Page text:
|Was God unfair to Josiah?|
In other works I have pointed to Jer. 18:5-8 as an answer to some Skeptical charges about God "changing his mind":
Then the word of the Lord came to me, saying... "The instant I speak concerning a nation and concerning a kingdom, to pluck up, to pull down, and to destroy it, if that nation against whom I have spoken turns from its evil, I will relent of the disaster that I thought to bring upon it"
The problem? The story starts with Manasseh the son of Hezekiah, who did a lot of the usual bad stuff, including some of the worst idolatry recorded in the OT (2 Kings 21). God announced serious judgment for this (21:10-15), but Manasseh kept on keeping on (21:16), as did his son Amon (who reigned two years) after he died (21:20). Finally Josiah came on the scene and proceeded to clean things up seriously, doing as much good as Manasseh did bad, if not twice as much.
So what's the issue? The Skeptic will say:
One would think, then, that if any nation were ever entitled to have Yahweh "relent" of the disaster he had pronounced upon it, Judah under the reign of Josiah would certainly have qualified. But it didn't. After all the reforms of Josiah had been described in detail, the writer of 2 Kings made this astonishing announcement:
Nevertheless Yahweh did not turn from the fierceness of His great wrath, with which His anger was aroused against Judah, because of all the provocations with which Manasseh had provoked Him. And Yahweh said, "I will also remove Judah from My sight, as I have removed Israel, and will cast off this city Jerusalem which I have chosen, and the house of which I said, `My name shall be there'" (23:26-27).
"From this," we hear, "one can only conclude that it wasn't always true that when Yahweh spoke 'concerning a nation and concerning a kingdom, to pluck up, to pull down, and to destroy it' that he would 'relent of the disaster' that he had thought to bring upon it if the nation turned from its evil."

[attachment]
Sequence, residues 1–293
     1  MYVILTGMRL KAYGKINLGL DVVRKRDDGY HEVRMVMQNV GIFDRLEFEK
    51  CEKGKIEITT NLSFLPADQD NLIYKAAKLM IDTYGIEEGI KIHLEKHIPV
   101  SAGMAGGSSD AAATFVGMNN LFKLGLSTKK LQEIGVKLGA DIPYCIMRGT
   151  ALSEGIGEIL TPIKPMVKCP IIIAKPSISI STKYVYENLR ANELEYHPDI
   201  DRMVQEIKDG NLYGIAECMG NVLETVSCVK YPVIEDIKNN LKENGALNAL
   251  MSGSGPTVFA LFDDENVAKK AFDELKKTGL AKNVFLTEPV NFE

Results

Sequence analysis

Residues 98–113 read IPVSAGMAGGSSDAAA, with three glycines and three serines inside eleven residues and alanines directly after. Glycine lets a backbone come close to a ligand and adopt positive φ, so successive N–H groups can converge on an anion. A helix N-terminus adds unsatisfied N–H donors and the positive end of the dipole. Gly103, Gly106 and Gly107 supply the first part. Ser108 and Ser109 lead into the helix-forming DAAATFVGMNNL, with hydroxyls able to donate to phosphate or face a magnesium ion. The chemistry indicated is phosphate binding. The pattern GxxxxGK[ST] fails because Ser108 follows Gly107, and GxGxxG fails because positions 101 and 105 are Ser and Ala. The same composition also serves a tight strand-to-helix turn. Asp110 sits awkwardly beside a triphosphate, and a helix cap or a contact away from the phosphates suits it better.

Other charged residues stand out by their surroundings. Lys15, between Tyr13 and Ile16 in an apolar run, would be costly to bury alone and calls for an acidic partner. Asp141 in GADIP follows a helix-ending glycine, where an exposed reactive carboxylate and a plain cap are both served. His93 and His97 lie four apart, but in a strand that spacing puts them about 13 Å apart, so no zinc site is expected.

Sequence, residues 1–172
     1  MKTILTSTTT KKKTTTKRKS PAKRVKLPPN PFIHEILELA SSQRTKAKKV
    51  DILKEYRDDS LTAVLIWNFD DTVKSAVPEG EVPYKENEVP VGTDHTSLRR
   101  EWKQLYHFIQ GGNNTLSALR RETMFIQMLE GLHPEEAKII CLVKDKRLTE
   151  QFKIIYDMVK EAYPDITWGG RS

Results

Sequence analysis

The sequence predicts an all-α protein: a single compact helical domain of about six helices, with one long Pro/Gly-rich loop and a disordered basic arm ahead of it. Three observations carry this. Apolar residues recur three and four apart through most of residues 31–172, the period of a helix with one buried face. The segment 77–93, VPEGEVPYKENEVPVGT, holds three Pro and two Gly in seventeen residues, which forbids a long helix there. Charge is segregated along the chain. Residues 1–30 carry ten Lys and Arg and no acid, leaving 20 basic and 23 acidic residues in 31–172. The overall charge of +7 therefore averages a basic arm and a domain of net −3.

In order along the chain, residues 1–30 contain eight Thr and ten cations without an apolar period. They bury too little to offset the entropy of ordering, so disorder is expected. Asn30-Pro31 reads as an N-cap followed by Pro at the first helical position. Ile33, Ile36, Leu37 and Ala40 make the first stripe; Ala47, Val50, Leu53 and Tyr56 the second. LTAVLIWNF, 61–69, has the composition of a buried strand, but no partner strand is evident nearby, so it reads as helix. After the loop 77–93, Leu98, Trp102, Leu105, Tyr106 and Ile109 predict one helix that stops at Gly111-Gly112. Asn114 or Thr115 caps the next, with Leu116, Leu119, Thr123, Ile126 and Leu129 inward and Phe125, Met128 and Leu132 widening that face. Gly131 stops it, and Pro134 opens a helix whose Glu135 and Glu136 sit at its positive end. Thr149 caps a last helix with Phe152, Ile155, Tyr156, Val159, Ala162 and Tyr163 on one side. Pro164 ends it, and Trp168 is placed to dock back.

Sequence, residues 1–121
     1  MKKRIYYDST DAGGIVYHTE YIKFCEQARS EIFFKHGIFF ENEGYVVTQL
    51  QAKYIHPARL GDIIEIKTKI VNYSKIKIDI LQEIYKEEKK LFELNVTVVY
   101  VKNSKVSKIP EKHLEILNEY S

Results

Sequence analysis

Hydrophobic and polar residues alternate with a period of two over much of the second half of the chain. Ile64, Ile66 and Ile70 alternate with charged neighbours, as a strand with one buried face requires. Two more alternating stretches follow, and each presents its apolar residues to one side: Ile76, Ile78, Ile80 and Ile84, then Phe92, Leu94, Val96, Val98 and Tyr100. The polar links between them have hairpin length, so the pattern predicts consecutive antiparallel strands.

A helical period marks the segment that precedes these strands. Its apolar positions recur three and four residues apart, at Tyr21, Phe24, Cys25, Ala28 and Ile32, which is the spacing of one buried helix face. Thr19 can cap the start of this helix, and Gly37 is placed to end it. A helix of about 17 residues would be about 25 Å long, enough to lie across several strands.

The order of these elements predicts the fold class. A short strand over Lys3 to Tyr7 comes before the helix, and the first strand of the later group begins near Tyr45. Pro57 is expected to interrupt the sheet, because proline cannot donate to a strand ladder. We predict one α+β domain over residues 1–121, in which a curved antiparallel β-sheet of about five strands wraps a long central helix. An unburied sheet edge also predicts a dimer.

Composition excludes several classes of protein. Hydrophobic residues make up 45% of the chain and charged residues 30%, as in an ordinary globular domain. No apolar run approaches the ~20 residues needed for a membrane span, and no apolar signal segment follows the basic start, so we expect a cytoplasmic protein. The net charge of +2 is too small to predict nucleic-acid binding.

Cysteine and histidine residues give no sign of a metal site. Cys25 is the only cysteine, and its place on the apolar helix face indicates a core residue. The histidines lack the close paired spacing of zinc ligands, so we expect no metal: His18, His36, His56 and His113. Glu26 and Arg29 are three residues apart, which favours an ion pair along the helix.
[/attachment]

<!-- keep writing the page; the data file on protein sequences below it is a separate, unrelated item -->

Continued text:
One might of course make the point that after Josiah died, his son Jehoahaz, and Jeohaikim after him, made another 180 turn; and the punishment did not at least come during Josiah's reign, but only after these two other kings did their worst.
Still, the answer is in the very quote under discussion:
At what instant I shall speak concerning a nation, and concerning a kingdom, to pluck up, and to pull down, and to destroy it; If that nation, against whom I have pronounced, turn from their evil, I will repent of the evil that I thought to do unto them. And at what instant I shall speak concerning a nation, and concerning a kingdom, to build and to plant it...
The terms of Jeremiah are very specific here: at what instant. Manasseh reigned 55 years, Amon 2 more, for a total of 57 years of idolatrous behavior. It isn't specified how many years into Manasseh's reign the warning of 21:11-15 was made, but even if made in year 54 (unlikely), Josiah's turnaround wasn't done "an instant" later as required.
Nineveh in Jonah's time was a lot smarter -- they unpacked the sackcloth and shoveled the ashes in less than a day. The word behind "an instant" is rega', and is used to mean "in the wink of an eye" -- not 3-55 years.